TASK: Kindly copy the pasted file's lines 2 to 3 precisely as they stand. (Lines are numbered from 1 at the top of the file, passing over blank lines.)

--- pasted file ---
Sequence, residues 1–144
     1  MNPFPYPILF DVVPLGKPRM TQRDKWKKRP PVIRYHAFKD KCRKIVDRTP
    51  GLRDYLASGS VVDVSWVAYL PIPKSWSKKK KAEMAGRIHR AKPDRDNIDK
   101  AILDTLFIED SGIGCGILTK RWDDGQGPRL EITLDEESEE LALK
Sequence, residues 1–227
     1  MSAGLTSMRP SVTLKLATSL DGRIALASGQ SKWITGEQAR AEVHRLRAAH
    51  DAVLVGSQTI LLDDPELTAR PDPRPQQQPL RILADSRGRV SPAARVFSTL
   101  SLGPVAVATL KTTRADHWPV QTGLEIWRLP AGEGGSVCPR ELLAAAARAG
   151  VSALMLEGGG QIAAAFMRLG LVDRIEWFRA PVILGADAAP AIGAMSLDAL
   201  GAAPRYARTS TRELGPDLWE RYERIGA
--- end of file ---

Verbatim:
     1  MNPFPYPILF DVVPLGKPRM TQRDKWKKRP PVIRYHAFKD KCRKIVDRTP
    51  GLRDYLASGS VVDVSWVAYL PIPKSWSKKK KAEMAGRIHR AKPDRDNIDK